HUDSON — As the weather cools down and the moon lights the night, it’s time again for the 17th annual Total Insanity Haunt Park.
On Friday evening, people lined up to ride the Hayride, take out some frustration on the Car Bash and brave the horrors of the Hafaker Manor and the Once upon a Nightmare trail.
Reactions ranged from screams to exclamations of “Aw, heck no” and “That’s what I’m talking about.”
Chad McClung brought his daughter and her friends to try out the haunt park for the second year. Eleven-year-old Hannah McClung and 10-year-old Gracie Mettlen went through the attractions last year, and they said they were so happy to be back with more of their friends.
“It was really scary,” Hannah said. “I’m still shaking. It was fun and scary, and I really want to go back there again.”
“It was terrifying, but it was fun,” Gracie said. “There were clowns and smoke and I want to go back, too.”
Ten-year-old Kendall Moore and 12-year-old Makenzie Parrish joined their friends to see the haunt park for the first time.
“It was scary. I close my eyes the whole time,” Kendall said. “We were all like holding on to each other.”
“I don’t even know how we got through there. We were like shuffling,” Chad McClung said.
The haunt park’s goal is to raise $45,000 for the Hudson Volunteer Fire Department, and it does that by providing an outlet for the community’s thrill seekers and adrenaline junkies of all ages.
Clay Welch has led the haunt park for several years, but he first got involved while volunteering his time as an electrician.
“At that point, I just fell in love,” he said. “I love creating an environment, creating a room and creating an atmosphere where people can forget their worries and do something thrilling and exciting.”
Personally, Welch said he doesn’t enjoy being scared or watching scary movies, so he makes it a point to focus on story and character, not just fear.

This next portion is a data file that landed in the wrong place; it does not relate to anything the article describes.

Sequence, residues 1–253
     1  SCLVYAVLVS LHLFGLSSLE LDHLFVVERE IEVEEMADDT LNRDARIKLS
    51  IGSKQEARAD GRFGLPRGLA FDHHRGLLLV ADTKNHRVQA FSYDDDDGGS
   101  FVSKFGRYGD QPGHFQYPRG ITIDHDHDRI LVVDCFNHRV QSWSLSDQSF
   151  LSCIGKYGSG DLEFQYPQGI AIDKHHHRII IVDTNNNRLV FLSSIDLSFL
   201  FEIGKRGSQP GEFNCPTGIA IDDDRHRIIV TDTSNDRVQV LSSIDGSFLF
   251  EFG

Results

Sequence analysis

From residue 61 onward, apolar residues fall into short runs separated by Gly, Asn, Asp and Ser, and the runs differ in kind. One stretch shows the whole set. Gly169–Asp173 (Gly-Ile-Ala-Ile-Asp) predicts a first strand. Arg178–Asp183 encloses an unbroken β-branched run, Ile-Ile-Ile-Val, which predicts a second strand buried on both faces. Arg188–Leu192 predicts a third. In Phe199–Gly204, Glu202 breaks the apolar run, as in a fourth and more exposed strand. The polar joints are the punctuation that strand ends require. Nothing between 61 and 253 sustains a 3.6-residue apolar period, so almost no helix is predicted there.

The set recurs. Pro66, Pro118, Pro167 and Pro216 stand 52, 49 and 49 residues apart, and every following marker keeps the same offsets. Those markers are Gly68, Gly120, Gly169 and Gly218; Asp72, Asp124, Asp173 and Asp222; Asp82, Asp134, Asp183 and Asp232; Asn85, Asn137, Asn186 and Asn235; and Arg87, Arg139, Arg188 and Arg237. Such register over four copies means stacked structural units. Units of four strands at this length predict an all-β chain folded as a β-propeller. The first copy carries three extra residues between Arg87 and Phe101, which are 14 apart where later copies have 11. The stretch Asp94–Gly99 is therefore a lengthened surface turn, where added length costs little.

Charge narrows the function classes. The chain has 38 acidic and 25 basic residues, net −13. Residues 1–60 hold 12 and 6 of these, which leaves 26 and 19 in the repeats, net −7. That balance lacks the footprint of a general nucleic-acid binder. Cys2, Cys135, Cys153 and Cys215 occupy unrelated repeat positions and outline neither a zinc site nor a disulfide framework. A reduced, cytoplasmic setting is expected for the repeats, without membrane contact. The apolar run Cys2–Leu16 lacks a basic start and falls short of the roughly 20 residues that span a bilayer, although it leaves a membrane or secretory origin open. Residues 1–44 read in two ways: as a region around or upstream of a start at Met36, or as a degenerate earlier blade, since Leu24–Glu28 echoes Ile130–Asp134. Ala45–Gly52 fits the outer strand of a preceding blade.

People of all ages volunteer their time to be a part of the haunt park, providing their creative talents and chunks of their time for makeup, practices and performances. Austin Knight, Caley Dwire and Jeffry Brotherton have performed in different acts throughout the years.
“I’ve always been in love with scary stuff, and I really wanted to join,” Caley said. “I love watching their faces as they get scared.”
“I didn’t really have anything to do, so I thought, ‘I guess I’ll join,’” Austin said. “The sheer enjoyment of seeing them get scared is great. Being in a mask lets you kind of be a different person than you are on the outside.”
“I joined because I thought it would be a cool thing to start trying to do, and the first day I was here, I fell in love with it,” Jeffry said. “It lets you escape reality, be a different person.”
Over the years, being in the haunt park has helped them open up more, be more confident, break out of their comfort zone, and, most of all, it has given them a family, they said.
Brandy Holt has been involved in the haunt park for 15 years. She is one of the primary make-up artists and helps run some of the attractions.
“This is a lot of fun,” she said. “The laughs that we get down here are great, and I love seeing customers. I enjoy the organized chaos and the kids.”
Well into the evening on Friday, an alarm sounded, and as nearby firefighters rushed to their places, the reason for the haunt park was made all that more apparent.
“This is an opportunity to feel like you’re doing something for someone else,” Welch said. “Everything I do is for the Hudson Volunteer Fire Department. All-in-all, you have to remember this is a fundraiser for the fire department, and the fire department is an important part of this community.”